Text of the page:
Autoimmune Hepatitis: Causes, Symptoms, Treatment, Risk Factors, Diagnosis, Complications, Prevention
Autoimmune Hepatitis: Causes, Symptoms, Treatment, Risk Factors, Diagnosis, Complications, Prevention December 3, 2018 tweet What is Autoimmune Hepatitis?
Autoimmune hepatitis is a chronic disease of unknown cause and is characterized by continuing hepatocellular inflammation and necrosis and has a tendency to progress to cirrhosis.
Viruses cause many types of hepatitis. Autoimmune hepatitis (AIH) is one exception. This type of liver disease occurs when your immune system attacks your liver cells. AIH is a chronic condition that can result in cirrhosis (scarring) of the liver. Ultimately, it can lead to liver failure. Types of Autoimmune Hepatitis
There are two types of AIH based on serum tests: Type I is more common, tends to affect young women, and is associated with other autoimmune diseases. This is the most common form of AIH in the United States. Type II primarily affects girls between the ages of 2 and 14.
While AIH generally occurs in adolescence or early adulthood, it can develop at any age. Symptoms of Autoimmune Hepatitis
Symptoms of AIH range from mild to severe. In the early stages, you may have no symptoms, but in later stages, symptoms can appear suddenly. They may also slowly develop over time.
AIH symptoms include: abnormal blood vessels on the skin (spider angiomas) pale-colored stools itching caused by a build-up of bile fatigue yellowing of the skin and eyes (jaundice) vomiting joint pain Diagnosing Autoimmune Hepatitis
AIH can be easily confused with other illnesses. Symptoms are very similar to those of viral hepatitis. To make a proper diagnosis, blood testing is required to: rule out viral hepatitis determine the type of AIH you have check your liver function
Blood tests are also used to measure the levels of specific antibodies in your blood. Antibodies associated with AIH include: anti-smooth muscle antibody anti-nuclear antibody anti-liver kidney microsome type I antibody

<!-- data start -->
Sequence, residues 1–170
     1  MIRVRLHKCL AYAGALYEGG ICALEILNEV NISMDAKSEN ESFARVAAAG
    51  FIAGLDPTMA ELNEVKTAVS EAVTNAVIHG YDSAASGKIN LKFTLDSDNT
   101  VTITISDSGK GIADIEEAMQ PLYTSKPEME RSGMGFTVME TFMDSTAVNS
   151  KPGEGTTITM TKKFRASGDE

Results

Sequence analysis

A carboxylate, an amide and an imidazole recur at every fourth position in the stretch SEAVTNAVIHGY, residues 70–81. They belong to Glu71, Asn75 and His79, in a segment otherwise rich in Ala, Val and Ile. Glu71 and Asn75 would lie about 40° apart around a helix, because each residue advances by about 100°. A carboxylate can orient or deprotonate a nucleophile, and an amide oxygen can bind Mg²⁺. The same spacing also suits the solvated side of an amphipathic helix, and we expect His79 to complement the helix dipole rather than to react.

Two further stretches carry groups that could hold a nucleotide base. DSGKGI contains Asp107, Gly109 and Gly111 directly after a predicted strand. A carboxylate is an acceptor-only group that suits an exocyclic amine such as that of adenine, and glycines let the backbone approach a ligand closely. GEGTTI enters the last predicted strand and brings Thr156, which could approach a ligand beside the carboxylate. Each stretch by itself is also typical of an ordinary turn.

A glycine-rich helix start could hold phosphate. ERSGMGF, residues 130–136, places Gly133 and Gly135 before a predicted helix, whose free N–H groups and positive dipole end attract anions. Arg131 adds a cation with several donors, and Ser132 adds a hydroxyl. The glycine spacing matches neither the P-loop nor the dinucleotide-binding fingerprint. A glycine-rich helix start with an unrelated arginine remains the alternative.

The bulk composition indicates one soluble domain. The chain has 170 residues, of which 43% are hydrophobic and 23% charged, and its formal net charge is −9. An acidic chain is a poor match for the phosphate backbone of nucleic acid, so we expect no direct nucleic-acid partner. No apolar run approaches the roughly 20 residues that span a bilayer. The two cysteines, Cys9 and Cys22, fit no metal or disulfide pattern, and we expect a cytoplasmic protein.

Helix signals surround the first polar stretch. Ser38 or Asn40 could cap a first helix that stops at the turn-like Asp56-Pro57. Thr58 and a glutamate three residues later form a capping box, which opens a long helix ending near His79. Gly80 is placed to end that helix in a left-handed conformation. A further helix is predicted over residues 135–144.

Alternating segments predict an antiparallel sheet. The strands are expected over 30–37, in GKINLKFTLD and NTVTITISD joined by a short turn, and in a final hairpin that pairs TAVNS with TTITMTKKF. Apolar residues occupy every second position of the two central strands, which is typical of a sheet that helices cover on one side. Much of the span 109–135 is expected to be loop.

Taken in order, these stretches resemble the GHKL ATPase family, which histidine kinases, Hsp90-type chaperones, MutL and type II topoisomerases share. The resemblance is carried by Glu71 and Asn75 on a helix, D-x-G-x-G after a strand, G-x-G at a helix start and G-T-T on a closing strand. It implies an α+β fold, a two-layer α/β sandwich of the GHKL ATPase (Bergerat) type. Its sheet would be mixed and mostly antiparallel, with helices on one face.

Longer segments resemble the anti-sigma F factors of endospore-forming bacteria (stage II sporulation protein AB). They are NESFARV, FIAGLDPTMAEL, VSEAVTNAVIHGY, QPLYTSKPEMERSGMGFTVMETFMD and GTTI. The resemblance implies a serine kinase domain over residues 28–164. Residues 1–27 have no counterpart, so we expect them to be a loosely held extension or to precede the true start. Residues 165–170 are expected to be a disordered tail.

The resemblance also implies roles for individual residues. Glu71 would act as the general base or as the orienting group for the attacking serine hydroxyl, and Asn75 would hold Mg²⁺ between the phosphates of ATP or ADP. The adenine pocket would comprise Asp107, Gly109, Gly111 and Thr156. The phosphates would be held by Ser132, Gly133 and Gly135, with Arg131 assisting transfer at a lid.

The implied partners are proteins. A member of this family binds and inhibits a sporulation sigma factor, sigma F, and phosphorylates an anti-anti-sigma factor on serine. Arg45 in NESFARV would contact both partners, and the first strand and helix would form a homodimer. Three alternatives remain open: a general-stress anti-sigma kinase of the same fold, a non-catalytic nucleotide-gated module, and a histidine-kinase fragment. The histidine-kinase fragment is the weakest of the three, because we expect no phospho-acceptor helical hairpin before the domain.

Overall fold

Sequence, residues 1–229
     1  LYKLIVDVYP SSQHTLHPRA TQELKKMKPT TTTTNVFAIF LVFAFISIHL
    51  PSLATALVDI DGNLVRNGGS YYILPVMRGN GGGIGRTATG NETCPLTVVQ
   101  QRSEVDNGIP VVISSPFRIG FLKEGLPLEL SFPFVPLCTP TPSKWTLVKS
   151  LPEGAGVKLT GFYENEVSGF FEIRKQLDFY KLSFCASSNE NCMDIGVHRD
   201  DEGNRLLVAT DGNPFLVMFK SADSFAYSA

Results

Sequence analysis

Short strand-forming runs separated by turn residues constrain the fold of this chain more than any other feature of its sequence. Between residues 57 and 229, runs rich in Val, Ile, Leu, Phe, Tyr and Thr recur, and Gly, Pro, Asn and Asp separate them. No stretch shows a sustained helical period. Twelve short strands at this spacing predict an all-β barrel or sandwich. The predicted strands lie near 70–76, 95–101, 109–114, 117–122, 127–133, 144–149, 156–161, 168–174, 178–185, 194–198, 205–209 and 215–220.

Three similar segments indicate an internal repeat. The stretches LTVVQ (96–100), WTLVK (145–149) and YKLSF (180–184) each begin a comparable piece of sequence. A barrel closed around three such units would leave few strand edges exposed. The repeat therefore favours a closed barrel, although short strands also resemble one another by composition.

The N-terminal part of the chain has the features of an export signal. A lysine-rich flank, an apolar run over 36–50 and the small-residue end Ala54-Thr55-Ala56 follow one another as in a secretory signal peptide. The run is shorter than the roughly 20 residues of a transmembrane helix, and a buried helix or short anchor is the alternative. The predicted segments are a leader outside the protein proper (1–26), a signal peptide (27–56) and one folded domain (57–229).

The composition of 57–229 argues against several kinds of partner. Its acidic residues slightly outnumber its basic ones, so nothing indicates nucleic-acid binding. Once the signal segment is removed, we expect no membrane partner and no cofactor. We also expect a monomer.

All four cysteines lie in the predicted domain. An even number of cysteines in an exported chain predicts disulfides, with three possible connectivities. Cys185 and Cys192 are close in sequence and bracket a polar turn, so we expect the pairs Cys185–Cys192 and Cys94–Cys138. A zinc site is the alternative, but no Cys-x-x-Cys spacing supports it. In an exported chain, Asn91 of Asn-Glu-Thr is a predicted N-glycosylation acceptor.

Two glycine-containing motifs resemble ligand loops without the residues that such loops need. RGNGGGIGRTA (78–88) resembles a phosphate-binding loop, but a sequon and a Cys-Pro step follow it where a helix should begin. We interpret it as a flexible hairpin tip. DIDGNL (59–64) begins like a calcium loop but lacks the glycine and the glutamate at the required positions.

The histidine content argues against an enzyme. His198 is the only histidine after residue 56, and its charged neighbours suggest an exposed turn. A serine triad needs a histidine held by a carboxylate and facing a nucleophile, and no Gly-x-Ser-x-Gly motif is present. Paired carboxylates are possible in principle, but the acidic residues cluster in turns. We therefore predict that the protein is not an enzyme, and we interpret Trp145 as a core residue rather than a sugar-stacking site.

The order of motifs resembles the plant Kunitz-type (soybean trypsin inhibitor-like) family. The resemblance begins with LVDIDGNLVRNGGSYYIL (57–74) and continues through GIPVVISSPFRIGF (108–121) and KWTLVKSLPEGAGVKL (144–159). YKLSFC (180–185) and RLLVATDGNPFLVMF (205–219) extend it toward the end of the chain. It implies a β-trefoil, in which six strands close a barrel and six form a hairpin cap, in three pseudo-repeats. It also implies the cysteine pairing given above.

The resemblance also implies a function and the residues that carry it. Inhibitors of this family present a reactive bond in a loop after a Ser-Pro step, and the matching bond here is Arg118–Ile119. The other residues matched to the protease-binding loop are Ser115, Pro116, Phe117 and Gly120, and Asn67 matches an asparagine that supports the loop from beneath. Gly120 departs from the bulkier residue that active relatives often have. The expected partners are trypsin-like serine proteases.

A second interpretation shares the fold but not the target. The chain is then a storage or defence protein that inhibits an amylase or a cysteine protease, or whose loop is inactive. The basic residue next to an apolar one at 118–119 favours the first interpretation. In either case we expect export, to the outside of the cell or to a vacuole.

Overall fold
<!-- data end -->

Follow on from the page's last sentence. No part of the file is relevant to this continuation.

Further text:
Blood tests can also measure the amount of immunoglobulin G (IgG) antibodies in your blood. IgG antibodies help the body fight infection and inflammation.
A liver biopsy may sometimes be necessary to diagnose AIH. It can reveal the type and severity of your liver damage and inflammation. The procedure involves removing a small piece of your liver tissue with a long needle and sending it to a laboratory for testing. Treatments for Autoimmune Hepatitis
Treatment can slow down, stop, and sometimes reverse liver damage. Approximately 65 to 80 percent of people with AIH will go into remission. However, remission can take up to three years. Immunosuppressant drugs
Immunosuppressant drugs can be used to stop the immune system’s attack. Such drugs include 6-mercaptopurine and azathioprine. Taking immunosuppressant drugs may compromise your body’s ability to fight other infections. Corticosteroids
Corticosteroids, usually in the form of prednisone, can directly treat liver inflammation. They can also serve as immunosuppressants. You will likely need to take prednisone for a minimum of 18-24 months. Some people must continue taking the drug for life to prevent AIH from recurring.
Prednisone may cause serious side effects including: high blood pressure